dishonesty if you have an officer that is not totally candid -- candid you have no use for them. >> it is a demanding profession. turning to iraq, you vividly said it was $0.84 of your focus at one time. >> actually the president-elect, it focuses on iraq? actually asked. [laughter] and i am describing this meeting in chicago. 80% mr. president. mr. president-elect. >>. >> and then the focus of the counterterrorism. >> what is your priorities here? did i would respond it is
like alphabet soup. counterterrorism, counter proliferation, rest of the world that is why a happy description. because they were so demanding but those that have distinguished themselves to be the number one terrorist sponsor. and as sanders did it to recommend to not just tolerate. >> is important for people to understand with respect
to the issue of whether a rand was a war was not in the process of reacting to iraq or under the process to build itself in such a way and he was worried about iran and one new reports suggest the interrogation of him a very effective interrogation indicated he did no longer have that. and did everything they
could to convince the world for the iranians. so one of the things that i stress with terrorism a and iran. with terrorism a and iran. into asked me to kinds of questions. how much have they enriched? and the other question with the incident of the chapter there. i always wanted those nuclear questions.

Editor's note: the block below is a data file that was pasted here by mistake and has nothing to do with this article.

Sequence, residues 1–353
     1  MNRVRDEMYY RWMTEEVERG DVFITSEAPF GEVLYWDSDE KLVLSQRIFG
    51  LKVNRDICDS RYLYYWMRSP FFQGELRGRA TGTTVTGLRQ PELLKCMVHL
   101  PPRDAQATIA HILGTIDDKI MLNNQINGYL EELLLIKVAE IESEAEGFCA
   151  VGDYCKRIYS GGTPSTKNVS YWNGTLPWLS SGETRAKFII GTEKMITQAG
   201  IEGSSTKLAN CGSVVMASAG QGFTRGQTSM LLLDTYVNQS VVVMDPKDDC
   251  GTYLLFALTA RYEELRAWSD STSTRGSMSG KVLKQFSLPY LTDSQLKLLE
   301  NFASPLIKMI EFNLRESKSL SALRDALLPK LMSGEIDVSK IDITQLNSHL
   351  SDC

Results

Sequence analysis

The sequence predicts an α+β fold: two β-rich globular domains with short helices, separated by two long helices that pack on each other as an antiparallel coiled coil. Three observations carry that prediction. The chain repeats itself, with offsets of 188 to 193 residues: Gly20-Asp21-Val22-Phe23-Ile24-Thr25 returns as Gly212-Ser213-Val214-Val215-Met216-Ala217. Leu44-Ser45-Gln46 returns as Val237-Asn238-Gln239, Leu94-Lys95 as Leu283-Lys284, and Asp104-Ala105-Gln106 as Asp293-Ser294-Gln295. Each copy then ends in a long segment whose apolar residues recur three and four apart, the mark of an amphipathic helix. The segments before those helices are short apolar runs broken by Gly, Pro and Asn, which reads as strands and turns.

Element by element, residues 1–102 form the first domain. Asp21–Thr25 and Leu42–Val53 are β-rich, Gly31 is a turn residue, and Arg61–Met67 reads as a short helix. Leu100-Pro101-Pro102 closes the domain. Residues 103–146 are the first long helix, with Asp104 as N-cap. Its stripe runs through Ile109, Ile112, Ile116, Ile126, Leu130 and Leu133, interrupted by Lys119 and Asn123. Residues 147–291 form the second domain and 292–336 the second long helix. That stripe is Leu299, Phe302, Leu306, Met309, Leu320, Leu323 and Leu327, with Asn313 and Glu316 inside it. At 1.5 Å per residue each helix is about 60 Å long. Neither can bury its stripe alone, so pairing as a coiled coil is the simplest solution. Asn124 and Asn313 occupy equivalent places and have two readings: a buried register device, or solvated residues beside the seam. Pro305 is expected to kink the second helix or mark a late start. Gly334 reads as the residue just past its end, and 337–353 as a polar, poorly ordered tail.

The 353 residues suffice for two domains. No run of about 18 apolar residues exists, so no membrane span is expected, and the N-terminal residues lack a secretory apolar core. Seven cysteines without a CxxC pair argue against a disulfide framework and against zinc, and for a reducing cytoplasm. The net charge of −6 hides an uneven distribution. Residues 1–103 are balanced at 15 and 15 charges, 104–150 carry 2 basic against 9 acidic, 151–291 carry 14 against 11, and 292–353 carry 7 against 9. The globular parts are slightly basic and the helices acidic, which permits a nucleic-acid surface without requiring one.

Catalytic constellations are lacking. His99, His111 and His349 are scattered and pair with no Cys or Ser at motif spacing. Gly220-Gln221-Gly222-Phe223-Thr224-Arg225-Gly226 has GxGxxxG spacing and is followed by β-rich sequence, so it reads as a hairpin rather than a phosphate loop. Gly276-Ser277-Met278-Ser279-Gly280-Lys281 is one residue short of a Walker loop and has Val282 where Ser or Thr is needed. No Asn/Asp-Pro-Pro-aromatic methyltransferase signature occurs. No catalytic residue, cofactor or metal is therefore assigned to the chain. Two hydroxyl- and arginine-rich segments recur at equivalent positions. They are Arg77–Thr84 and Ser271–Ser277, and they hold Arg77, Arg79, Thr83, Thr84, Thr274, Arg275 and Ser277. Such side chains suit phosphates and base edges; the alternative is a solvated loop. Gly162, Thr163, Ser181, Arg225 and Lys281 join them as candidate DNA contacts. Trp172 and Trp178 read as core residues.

and that president bush was a little impatient and then to show some aigrette couple of times. number three is a closed society free of tens of millions of americans going back and forth every summer. indebted say tough nut to crack. with good services. >> turning to the new york police department you had a fascinating relationship with them for most americans with the sea a?
to operate. but if you go someplace where they don't normally go to seattle comeback from myanmar to chat with somebody that is not compensated. but it is everything overseas. in this is part of though legal ambiguity we don't like what is lawful or not but it with the security in in the though liberty in
domestic over here law enforcement over here. and then write down the sea and. right between foreign and domestic. so i tell the tale at of moral responsibility we had to close that. those with the intelligence service and in addition we think of new york has been a special case. certainly it is always of america it is truly international city law% population was not born -- one-third of the population was not boarded.
it is more than twice as large does chicago which is even larger them los angeles. so under we are bloomberg they had very aggressive intelligence program that we thought it was within our responsibilities to support a tight liaison relationship to see that maas crawling. but this is a special case. knowing that york was the special targets but he points out.
became - - before you became director with the case officer the one that had wrongly identified tell us what happened but it is your credit how you handle that. >> when it happened i thought it was an easy decision now looking back to think it is an easy decision but with the moral dilemma or pressure.
and as a director you are responsible for the overall health of the agency in the success of the mission. so to create a false positive i will be teaching every analyst the one thing they have to make sure to avoid is a false positive. and to have more true positives because if i skip over true positive but how